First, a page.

Driven by doubters, Conor McGregor convinced he will beat Floyd Mayweather Jr.

To Conor McGregor, daring to step into the foreign land of a boxing ring to meet the legendary Floyd Mayweather Jr., is the latest example of his pursuit to do what few believe him capable of.

“This is legacy. This is people doubting me, questioning my skill set — talking as if I’m a novice, talking as if I haven’t been doing this my entire life,” McGregor told the Los Angeles Times as his media day opened Friday at the UFC Performance Institute. “I’ve been fighting since day one and I’m the best there is. I can fight in many forms. This here is Bruce Lee [stuff], that’s where my mind is at.”

McGregor, 29, has made his career as the UFC’s first-ever simultaneous two-belt champion by pressing to take on challenges that seemed too daring, like taking on 10-year-unbeaten featherweight champion Jose Aldo, like asking for another shot at 170 pounds against Nate Diaz, and like seeking the double-belt feat in November against Eddie Alvarez.

McGregor won each, and he expects, even as a 6/1 underdog, to do the same against Mayweather, 40, who’s looking to close his storied, five-division world-champion boxing career at 50-0 in their Aug. 26 bout at T-Mobile Arena.

He emphasized that point when asked if it helped to prepare with nothing to lose, knowing he has a safe landing to return as UFC lightweight champion, free to explain he only sought to test himself in a pay-per-view venture in which he stands to earn in excess of $100 million.

“The word [lose] isn’t even in my vocabulary. I am here to win. I’m preparing to win — win in devastating fashion,” McGregor said. “That’s where we’re at. I don’t care about the money. I don’t care about any of that. It gets to the point where the money is just up here [increasing] right at the top. I’m at that stage now. As long as I make correct decisions — and not stupid decisions — I’m set for life. I’m past the stage where this is for money.”

In his Friday workout, McGregor showed off some moves without gloves in the boxing ring, then put on the gloves to hit the speed bag and heavy bags. Despite chuckles from those who watched the footage on live streams and on social media, McGregor said that’s the beauty of what he’s bringing Mayweather — something the smaller champion has never seen.

“We’ll come with a different approach than what he’s used to,” McGregor said. “It forces a man to react off my creation. When you’re reacting and not creating, you’re in trouble. Then, factor that in with my punch power and precision. It’s not going to end well. It’s not going to end well for all those people doubting me, who are talking things about what this is going to be. I’m just looking forward to a post-fight education of the entire world of what true martial arts is.”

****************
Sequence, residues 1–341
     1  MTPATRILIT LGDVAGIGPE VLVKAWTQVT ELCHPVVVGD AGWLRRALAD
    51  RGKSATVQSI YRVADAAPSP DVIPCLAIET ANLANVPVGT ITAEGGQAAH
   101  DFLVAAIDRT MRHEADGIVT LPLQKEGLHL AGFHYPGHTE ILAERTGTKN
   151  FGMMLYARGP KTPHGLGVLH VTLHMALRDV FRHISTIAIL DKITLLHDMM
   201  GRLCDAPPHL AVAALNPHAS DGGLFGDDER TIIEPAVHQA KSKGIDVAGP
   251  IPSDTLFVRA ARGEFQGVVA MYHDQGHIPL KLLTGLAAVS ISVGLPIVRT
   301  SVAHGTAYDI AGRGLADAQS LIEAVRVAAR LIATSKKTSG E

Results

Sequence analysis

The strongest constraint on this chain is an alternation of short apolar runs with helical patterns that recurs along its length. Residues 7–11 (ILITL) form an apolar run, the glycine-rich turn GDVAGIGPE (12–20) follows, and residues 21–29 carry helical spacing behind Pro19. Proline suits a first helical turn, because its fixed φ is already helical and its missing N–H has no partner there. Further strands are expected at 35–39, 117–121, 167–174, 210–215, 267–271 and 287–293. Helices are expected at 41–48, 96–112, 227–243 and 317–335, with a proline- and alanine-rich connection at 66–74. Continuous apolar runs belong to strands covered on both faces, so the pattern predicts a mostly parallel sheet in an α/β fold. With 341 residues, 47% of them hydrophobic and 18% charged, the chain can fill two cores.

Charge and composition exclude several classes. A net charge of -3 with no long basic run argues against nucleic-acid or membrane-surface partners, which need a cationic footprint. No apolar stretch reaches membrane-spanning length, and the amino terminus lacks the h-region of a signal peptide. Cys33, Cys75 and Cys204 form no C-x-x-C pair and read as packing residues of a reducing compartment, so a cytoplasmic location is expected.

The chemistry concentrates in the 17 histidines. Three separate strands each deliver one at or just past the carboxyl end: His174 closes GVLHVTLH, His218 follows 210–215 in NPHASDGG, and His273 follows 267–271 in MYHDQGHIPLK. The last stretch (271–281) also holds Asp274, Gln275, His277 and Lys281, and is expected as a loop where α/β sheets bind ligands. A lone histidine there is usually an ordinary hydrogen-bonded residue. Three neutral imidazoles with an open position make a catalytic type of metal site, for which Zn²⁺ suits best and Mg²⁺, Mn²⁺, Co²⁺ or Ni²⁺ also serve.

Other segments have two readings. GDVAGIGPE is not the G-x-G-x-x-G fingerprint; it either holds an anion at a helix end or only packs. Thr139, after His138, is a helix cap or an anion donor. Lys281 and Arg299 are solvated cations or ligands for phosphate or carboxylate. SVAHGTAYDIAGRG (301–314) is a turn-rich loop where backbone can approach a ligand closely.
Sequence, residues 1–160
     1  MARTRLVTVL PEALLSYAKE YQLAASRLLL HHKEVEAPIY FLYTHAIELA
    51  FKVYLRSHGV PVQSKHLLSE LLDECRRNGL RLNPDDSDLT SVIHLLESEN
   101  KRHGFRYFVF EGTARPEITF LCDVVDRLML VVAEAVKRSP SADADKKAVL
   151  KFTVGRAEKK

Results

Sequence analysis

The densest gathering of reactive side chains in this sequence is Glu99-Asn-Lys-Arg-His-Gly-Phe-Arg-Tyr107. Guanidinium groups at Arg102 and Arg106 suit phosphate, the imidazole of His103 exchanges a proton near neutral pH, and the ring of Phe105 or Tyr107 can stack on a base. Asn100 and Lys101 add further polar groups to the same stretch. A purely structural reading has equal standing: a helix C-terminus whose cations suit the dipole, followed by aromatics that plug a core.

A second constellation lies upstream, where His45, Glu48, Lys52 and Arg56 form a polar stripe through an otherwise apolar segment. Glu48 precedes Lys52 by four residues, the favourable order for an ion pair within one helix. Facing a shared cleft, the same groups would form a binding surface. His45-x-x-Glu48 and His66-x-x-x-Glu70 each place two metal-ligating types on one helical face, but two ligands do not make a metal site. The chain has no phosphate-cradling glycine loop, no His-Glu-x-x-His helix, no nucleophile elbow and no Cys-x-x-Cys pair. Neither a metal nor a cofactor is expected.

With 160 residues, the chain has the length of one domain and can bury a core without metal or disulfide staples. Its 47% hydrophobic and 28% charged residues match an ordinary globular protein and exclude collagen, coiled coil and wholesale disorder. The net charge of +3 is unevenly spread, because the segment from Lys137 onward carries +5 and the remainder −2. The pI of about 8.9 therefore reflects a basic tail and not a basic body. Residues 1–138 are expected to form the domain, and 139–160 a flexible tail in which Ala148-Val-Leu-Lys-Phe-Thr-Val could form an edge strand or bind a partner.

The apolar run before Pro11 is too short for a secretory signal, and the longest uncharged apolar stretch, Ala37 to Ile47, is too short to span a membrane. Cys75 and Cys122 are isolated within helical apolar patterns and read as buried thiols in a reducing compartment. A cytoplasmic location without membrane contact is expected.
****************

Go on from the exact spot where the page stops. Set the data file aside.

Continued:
McGregor said he opted not to retain a veteran fight trainer like Southern Californians Freddie Roach, Abel Sanchez or Robert Garcia because he wasn’t sure any of them would’ve given him their full attention. He also spoke about the importance of his loyalty to his team, led by trainer John Kavanagh.

Despite a split with sparring partner and former world champion Paulie Malignaggi, and another who said McGregor is unprepared for Mayweather’s sophisticated boxing, McGregor said he dominated both men in their sessions. “[Malignaggi] suffered head trauma, we were worried about him,” McGregor said. He also scoffed at Mayweather’s Thursday notion that McGregor could claim a consolation victory just by lasting all 12 rounds.

McGregor said his confidence is brimming so high now that he believes he can knock out Mayweather in two rounds, not four.

“You know what I heard [Mayweather] say yesterday? Nothing. I saw a man scared. I saw a lackluster workout. I saw a man trying to talk himself out of fatigue,” McGregor said.

Beyond Mayweather's age and two years out of the ring, McGregor said the fact he expects to walk into the ring at 170 pounds with Mayweather at 150 will be another significant advantage.

“I’m going to play to the rules,” said McGregor, who has sparred under the supervision of veteran boxing referee Joe Cortez. “It will be unusual to Floyd, but that’s not my worry. You can’t prepare for me. Let him try to study. There’s nobody in the game who moves like me, who strikes like me or who has confidence like me.”

lance.pugmire@latimes.com

Follow Lance Pugmire on Twitter @latimespugmire

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